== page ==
by Bruce Goodman, Assistant Provincial Grand Master
Monday again, and the start of another week of isolation. Today would have been a Bank Holiday if that hadn’t been moved to Friday because of VE Day commemoration, but given the current situation, it feels no different from any other Monday.
The challenges posed by a long lockdown are different. I’m sure many living with small children would gladly swap their situations with those living alone, if only for an hour or two, and vice-versa!
The ‘sameness’ of life under lockdown can be more challenging than many of us might have realised when it all began, but after several weeks there’s a real danger that it will rob us of motivation to tackle anything. I’d urge you to resist that by building a structure into your day and your week.
Setting aside the now-old joke that the bins have been out more than we have, I think the answer is to see as a valuable resource all this extra time with which we have been forcibly presented.
Let’s not consider ‘what to do’ first; I’ll come to that later. Instead, let’s consider ‘when to do it’.
Set the morning aside for the tedious tasks; the ‘must do’ jobs like running round with the Hoover, doing the washing, learning a bit of ritual, or even preparing a casserole and letting it get on with cooking slowly through the rest of the day. At least that way you have a meal ready in the early evening without spending all afternoon preparing it. Find a recipe on line, in a cookery book (there must be one somewhere in the house), or on TV.
Set yourself times for doing things – an hour and a half of housework at a stretch is quite enough for anyone, and the same is true of gardening… Each afternoon or evening, make yourself a list of tasks for the following day, and cross each one off when you complete it. Our Provincial Communications Officer tells me he feels a great sense of satisfaction when he sees a summary of tasks accomplished.
That leaves the afternoon free to attend to tasks you may be keener to get involved with, such as indulging yourself in your favourite hobby.
As part of Lincolnshire’s Provincial executive team, I have responsibilities to attend to, just as Lodge secretaries, Chapter Scribes E, and especially Almoners whohave tasks associated with their roles.
Having mentioned the Almoners, I feel humbled hearing about the wonderful and time consuming work they are doing behind the scenes in the care and attention which they are providing or organising for the welfare of our vulnerable Brethren and our Lodge Widows during this time. Especially I should record the Provinces sincere thanks to the Provincial Almoner John Grimwood, who has spent most of his time for the past seven weeks locked in his Office coordinating the Welfare of us all.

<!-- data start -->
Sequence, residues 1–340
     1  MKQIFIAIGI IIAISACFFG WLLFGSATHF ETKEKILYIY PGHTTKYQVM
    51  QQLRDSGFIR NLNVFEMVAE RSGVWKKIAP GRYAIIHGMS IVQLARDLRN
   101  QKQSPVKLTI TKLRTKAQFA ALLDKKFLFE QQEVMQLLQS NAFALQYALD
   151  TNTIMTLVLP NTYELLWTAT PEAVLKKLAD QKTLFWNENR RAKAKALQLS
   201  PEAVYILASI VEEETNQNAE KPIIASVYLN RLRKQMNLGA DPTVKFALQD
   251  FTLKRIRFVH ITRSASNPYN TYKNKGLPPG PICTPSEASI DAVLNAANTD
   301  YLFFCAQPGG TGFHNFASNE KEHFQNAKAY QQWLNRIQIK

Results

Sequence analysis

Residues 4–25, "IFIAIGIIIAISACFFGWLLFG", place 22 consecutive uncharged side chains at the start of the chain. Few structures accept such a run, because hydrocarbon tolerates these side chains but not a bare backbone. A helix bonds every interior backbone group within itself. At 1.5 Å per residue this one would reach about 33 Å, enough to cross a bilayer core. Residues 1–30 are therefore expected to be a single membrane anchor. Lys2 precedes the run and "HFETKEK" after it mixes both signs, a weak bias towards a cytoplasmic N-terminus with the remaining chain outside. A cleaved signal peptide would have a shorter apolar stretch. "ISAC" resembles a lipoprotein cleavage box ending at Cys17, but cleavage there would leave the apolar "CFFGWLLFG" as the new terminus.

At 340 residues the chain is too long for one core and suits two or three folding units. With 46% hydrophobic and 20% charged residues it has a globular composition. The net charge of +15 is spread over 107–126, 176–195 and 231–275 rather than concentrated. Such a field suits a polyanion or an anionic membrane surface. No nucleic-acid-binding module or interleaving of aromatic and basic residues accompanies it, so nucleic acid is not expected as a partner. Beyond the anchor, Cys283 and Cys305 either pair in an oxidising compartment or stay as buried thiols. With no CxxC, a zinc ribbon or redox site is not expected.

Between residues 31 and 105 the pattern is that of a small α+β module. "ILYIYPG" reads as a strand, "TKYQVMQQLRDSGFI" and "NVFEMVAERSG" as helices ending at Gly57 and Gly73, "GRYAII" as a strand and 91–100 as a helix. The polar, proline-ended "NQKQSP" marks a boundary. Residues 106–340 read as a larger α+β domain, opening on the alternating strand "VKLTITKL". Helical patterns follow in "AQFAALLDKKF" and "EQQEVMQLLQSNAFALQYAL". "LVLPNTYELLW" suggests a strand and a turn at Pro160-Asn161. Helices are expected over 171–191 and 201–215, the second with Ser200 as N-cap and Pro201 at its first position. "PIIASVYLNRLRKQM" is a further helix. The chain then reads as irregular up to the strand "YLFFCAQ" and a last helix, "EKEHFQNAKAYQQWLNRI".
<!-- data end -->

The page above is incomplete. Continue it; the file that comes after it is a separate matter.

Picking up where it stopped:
If isolation is a problem for you, and it very probably is, to a greater of lesser extent, you should remember that you are not alone. I have no doubt you could name at once a number of people in your lodge in exactly that situation. The answer, as far as that’s concerned, is to reach for the phone.
Chatting to a friend will undoubtedly lift your spirits – and your friend’s, too. Encourage them to ring a third brother. If they do the same it won’t be long before everyone’s getting a phone call, and someone’s ringing you too. Have a look at the MCF’s Factsheet on Loneliness: https://mcf.org.uk/wp-content/uploads/2016/11/Loneliness-factsheet.pdf
For the more technically able, what about video calls using Messenger or WhatsApp? So many of us carry smartphones these days, and few use them to their full potential. Or you could turn to Zoom, which would allow you to talk to a number of people at the same time. The Provincial website has information on how to use both of those. Find WhatsApp here and Zoom here. I’m aware of a London Lodge almoner based in our Province who is successfully keeping in touch with his members using WhatsApp, having never heard of it before the lockdown started.
What about working with others in your Lodge to form a team for the Provincial ‘University Challenge’ competition, which you can read about at this link? You have until Thursday to enter a team! Or how about taking part in the Sunday Evening Isolation Quiz being run by Tom Murray and his wife Clare in Scunthorpe? It’s simplicity itself. Email Tom at firstname.lastname@example.org tell him your team name. On Sunday at 7pm he’ll send out a list of 30 questions via email, and you have an hour to email back the answers. There’s no entry fee, but there are no prizes either; just the fun of taking part. If you don’t have email, buddy up with someone else in your Lodge who does, and work together over the phone…
And to finish, you may ask what am I doing with all my spare time, so I’ve made this little video about my hobby; I hope you find it interesting: